The triumphant Macbeth and fellow-general Banquo are returning from battle against the Norwegian rebellion. On their return to Scotland three witches appear before them and predict that Macbeth will become Thane of Cawdor and eventually the King of Scotland. Banquo, eager to know his own fate, is told that he will be a father to Kings. Before they have a chance to take in this strange encounter, Ross arrives with news. King Duncan, elated by the two general’s victory, wishes to make Macbeth Thane of Cawdor. Duncan announces that he will celebrate with Macbeth that evening. With one prophesy already fulfilled: Macbeth’s ambition is lit.
Macbeth writes to his wife informing her of the witches’ prediction. Lady Macbeth begins plotting the murder of King Duncan. As the evening’s celebrations commence, Macbeth, seeing how generous Duncan has been, decides he cannot go through the murder. However, Lady Macbeth vehemently convinces him to pursue his original ambition. Macbeth, one over by his wife, then kills King Duncan: setting up the servants to look as if they were the murderers. Macduff, the Thane of Fife, arrives and finds the King dead. The King’s two sons, Malcolm and Donalbain, aware of the danger flee to England and Ireland respectively. Macbeth fulfils the witches final prediction and is crowned King of Scotland.
Now King, Macbeth grows increasing aware of the witches’ prediction that Banquo’s children and will be Kings. He decides to have Banquo and his son assassinated. Banquo is killed; however, his son Fleance manages to escape. At dinner Macbeth sees the ghost of his friend Banquo. Disturbed and unsure of what action to take, he goes to the witches to seek guidance. They tell him ‘no man born of woman’ will ever kill him and that he won’t be dethroned until ‘Birnam Wood comes to Dunsinane’. Macbeth’s mind is somewhat subdued.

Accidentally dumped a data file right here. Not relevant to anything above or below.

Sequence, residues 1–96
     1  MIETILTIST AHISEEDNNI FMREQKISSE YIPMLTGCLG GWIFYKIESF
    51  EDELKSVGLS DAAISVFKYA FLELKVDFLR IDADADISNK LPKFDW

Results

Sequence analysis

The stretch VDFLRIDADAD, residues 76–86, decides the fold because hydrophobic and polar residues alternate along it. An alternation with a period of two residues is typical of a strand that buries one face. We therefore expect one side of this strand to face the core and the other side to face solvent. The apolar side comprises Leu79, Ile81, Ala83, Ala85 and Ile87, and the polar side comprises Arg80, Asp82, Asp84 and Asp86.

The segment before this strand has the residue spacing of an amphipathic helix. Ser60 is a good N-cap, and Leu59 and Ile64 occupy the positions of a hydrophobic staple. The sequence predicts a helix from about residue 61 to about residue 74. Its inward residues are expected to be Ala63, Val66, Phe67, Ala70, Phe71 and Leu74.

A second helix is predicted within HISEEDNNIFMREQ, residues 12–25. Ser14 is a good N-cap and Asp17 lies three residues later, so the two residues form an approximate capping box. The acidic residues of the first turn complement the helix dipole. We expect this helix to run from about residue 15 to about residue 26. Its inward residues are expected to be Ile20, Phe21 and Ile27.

Macduff flees to England in defiance of Macbeth’s rule. Macduff’s entire family is then executed for this betrayal. Macduff meets with Malcolm, the rightful heir, and with England’s support they head for Scotland to take back crown. Lady Macbeth has by this time tipped into insanity: cursed by the murder.
The approaching army camouflages themselves with tree branches as they attack—fulfilling the witch’s prophecy—appearing as if Birnam Wood itself were approaching. Macbeth is informed his wife has died. With his world falling apart he ardently fights on: fearing no man born of woman. He fights with Macduff, whom we discover is a caesarean child, and is killed. Malcolm is rightfully made King.
Macbeth: General in the Scottish army of King Duncan
Lady Macbeth: Macbeth’s wife
Duncan: King of Scotland
Malcolm: Eldest son of Duncan’s
Donalbain: Youngest son of Duncan’s
Banquo: Macbeth’s friend and a fellow-general.
Fleance: Banquo’s son
Macduff: Thane of Fife
Lady Macduff: Macduff’s wife
Seyton: Macbeth’s servant
Porter: gatekeeper at Macbeth’s home
Angus, Caithness, Ross, Lennox, Menteith: Scottish Thanes/Nobles
Siward: General of the English Army
Young Siward: Siward’s son
Hecate: Queen of Witches
Doctor: Lady M’s doctor
Gentlewoman: Lady M’s caretaker